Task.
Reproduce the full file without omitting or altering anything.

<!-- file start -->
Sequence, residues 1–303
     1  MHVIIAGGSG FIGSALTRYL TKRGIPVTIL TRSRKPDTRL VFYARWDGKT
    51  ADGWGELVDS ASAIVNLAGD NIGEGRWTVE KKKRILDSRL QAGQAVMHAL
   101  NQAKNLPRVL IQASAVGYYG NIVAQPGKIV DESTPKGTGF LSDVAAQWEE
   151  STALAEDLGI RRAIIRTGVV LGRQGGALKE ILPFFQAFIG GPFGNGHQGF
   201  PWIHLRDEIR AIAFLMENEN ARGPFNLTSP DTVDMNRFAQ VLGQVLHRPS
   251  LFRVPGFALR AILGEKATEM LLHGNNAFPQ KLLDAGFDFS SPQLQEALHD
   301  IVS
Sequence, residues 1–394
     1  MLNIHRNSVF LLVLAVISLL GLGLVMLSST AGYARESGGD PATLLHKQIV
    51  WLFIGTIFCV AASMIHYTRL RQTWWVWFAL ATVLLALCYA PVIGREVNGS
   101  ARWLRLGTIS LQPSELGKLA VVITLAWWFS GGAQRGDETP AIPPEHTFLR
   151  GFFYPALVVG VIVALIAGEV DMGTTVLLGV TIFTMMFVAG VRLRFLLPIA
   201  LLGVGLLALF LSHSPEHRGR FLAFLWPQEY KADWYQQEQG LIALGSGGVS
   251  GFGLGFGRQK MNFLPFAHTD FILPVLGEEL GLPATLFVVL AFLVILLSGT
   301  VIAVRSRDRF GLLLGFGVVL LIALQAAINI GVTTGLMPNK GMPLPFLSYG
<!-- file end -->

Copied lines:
Sequence, residues 1–303
     1  MHVIIAGGSG FIGSALTRYL TKRGIPVTIL TRSRKPDTRL VFYARWDGKT
    51  ADGWGELVDS ASAIVNLAGD NIGEGRWTVE KKKRILDSRL QAGQAVMHAL
   101  NQAKNLPRVL IQASAVGYYG NIVAQPGKIV DESTPKGTGF LSDVAAQWEE
   151  STALAEDLGI RRAIIRTGVV LGRQGGALKE ILPFFQAFIG GPFGNGHQGF
   201  PWIHLRDEIR AIAFLMENEN ARGPFNLTSP DTVDMNRFAQ VLGQVLHRPS
   251  LFRVPGFALR AILGEKATEM LLHGNNAFPQ KLLDAGFDFS SPQLQEALHD
   301  IVS
Sequence, residues 1–394
     1  MLNIHRNSVF LLVLAVISLL GLGLVMLSST AGYARESGGD PATLLHKQIV
    51  WLFIGTIFCV AASMIHYTRL RQTWWVWFAL ATVLLALCYA PVIGREVNGS
   101  ARWLRLGTIS LQPSELGKLA VVITLAWWFS GGAQRGDETP AIPPEHTFLR
   151  GFFYPALVVG VIVALIAGEV DMGTTVLLGV TIFTMMFVAG VRLRFLLPIA
   201  LLGVGLLALF LSHSPEHRGR FLAFLWPQEY KADWYQQEQG LIALGSGGVS
   251  GFGLGFGRQK MNFLPFAHTD FILPVLGEEL GLPATLFVVL AFLVILLSGT
   301  VIAVRSRDRF GLLLGFGVVL LIALQAAINI GVTTGLMPNK GMPLPFLSYG